And just as food for thought, it was suggested to me that Ultra might be viewed as having 2 size categories of moons if you look at Type mT moons as being of a different size than normal moons. I'm not sure that I agree with that perception, but one could look at it that way. Regardless, if one decides to recognize that there are 2 moons (Jupiter's Ganymede and Saturn's Titan) in our own Solar System that are actually larger than the smallest Mass 1 planet (Mercury), as well as one other moon (Jupiter's Callisto) that's only very slightly smaller than Mercury (Callisto's radius is only 30 km smaller than Mercury, at 2410 km vs. 2440 km), then one logically ends up going down a path of greater differentiation that also needs to account for differing population capacities.

Put another way, if one wants to account for larger moons, it follows that you are going to want to allow for more people (PU) to be put on them, otherwise, what's the real point in saying that (for example) Ganymede is much larger than Tethys? Unless there's a reason to account for the size difference, why does it matter? But if you differentiate between large and average sized moons (even with tiny moons ignored), you cannot help but make the same differentiation between Mass 2/3 planets and the much smaller mass 1 planets, since the comparative degrees of surface area between M2/3 and M1 planets is similar in proportion to large moons vs. average moons.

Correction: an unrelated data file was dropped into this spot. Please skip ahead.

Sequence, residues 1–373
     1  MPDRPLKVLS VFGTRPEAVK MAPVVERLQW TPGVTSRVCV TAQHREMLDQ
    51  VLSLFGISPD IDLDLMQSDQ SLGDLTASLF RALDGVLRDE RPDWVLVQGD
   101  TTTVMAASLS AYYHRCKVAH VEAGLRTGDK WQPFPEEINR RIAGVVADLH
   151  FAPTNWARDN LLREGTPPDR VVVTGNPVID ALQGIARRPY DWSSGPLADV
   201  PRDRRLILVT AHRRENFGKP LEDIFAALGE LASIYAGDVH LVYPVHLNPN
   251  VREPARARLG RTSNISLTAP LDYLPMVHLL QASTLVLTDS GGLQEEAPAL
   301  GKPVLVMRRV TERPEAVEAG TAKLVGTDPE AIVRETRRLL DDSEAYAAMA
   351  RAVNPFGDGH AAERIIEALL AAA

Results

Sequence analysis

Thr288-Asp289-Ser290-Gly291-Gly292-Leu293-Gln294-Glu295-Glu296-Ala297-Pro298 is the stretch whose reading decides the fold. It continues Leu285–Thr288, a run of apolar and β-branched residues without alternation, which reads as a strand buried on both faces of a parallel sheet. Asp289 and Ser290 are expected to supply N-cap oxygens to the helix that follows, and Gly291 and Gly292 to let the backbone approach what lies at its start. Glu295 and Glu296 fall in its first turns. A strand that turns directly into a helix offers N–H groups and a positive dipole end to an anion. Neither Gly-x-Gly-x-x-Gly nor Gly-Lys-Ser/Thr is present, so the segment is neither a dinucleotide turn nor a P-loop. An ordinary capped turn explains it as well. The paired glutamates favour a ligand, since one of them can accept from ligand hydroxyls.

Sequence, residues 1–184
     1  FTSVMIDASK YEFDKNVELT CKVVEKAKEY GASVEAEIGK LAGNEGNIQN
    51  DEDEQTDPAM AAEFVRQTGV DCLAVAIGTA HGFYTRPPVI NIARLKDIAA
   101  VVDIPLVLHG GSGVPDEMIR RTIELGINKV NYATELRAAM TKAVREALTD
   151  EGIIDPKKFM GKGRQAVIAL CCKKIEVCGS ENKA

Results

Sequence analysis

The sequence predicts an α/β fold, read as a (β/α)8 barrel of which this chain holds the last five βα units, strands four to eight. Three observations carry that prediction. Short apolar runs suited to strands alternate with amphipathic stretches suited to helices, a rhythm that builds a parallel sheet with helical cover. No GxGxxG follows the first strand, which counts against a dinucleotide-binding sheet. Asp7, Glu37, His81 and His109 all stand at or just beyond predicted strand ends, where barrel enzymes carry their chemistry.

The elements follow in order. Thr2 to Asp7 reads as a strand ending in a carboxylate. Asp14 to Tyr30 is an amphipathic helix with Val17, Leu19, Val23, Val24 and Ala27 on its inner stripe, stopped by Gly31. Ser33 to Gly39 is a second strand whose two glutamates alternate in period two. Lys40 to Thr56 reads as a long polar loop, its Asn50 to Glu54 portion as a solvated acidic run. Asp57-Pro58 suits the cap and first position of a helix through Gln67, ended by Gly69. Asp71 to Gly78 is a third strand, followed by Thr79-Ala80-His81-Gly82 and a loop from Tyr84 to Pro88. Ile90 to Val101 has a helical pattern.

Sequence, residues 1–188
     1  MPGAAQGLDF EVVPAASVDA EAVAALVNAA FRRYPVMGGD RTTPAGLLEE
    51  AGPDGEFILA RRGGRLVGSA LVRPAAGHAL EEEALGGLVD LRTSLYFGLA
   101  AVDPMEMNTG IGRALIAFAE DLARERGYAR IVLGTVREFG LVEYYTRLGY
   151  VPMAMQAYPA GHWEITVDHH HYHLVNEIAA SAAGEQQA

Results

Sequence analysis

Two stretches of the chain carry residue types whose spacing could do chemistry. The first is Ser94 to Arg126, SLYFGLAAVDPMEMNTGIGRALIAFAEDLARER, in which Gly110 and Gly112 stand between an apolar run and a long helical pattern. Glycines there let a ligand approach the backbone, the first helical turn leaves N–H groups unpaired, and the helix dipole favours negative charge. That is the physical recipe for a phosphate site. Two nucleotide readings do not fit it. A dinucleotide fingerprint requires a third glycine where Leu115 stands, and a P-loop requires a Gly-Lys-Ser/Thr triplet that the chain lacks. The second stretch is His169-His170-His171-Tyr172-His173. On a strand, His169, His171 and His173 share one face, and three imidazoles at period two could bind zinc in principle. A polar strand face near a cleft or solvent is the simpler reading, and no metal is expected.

That said, at luck (or reality) would have it, those large moons and mass 1 planets just happen to share the same general sizes... so if one was inclined to desire a somewhat more accurate model, the table below might be suitable to the task without too great an increase in complexity. Note that I'm not actually so inclined to use this model, though it is a bit tempting.